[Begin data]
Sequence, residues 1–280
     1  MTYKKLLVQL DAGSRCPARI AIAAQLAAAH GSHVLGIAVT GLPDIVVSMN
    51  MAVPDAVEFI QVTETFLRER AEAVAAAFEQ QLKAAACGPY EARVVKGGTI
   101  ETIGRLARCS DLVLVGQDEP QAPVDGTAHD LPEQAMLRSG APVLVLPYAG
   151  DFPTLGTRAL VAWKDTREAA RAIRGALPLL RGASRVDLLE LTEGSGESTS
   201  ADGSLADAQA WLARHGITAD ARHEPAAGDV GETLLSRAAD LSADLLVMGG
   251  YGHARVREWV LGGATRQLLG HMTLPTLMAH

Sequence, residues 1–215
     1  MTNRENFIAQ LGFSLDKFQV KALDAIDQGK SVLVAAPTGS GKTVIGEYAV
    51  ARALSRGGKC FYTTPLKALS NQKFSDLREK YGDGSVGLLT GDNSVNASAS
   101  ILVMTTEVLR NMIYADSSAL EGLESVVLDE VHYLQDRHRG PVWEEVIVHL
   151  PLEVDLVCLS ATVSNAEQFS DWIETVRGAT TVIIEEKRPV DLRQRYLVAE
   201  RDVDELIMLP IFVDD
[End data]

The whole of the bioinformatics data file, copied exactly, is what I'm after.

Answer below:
Sequence, residues 1–280
     1  MTYKKLLVQL DAGSRCPARI AIAAQLAAAH GSHVLGIAVT GLPDIVVSMN
    51  MAVPDAVEFI QVTETFLRER AEAVAAAFEQ QLKAAACGPY EARVVKGGTI
   101  ETIGRLARCS DLVLVGQDEP QAPVDGTAHD LPEQAMLRSG APVLVLPYAG
   151  DFPTLGTRAL VAWKDTREAA RAIRGALPLL RGASRVDLLE LTEGSGESTS
   201  ADGSLADAQA WLARHGITAD ARHEPAAGDV GETLLSRAAD LSADLLVMGG
   251  YGHARVREWV LGGATRQLLG HMTLPTLMAH

Sequence, residues 1–215
     1  MTNRENFIAQ LGFSLDKFQV KALDAIDQGK SVLVAAPTGS GKTVIGEYAV
    51  ARALSRGGKC FYTTPLKALS NQKFSDLREK YGDGSVGLLT GDNSVNASAS
   101  ILVMTTEVLR NMIYADSSAL EGLESVVLDE VHYLQDRHRG PVWEEVIVHL
   151  PLEVDLVCLS ATVSNAEQFS DWIETVRGAT TVIIEEKRPV DLRQRYLVAE
   201  RDVDELIMLP IFVDD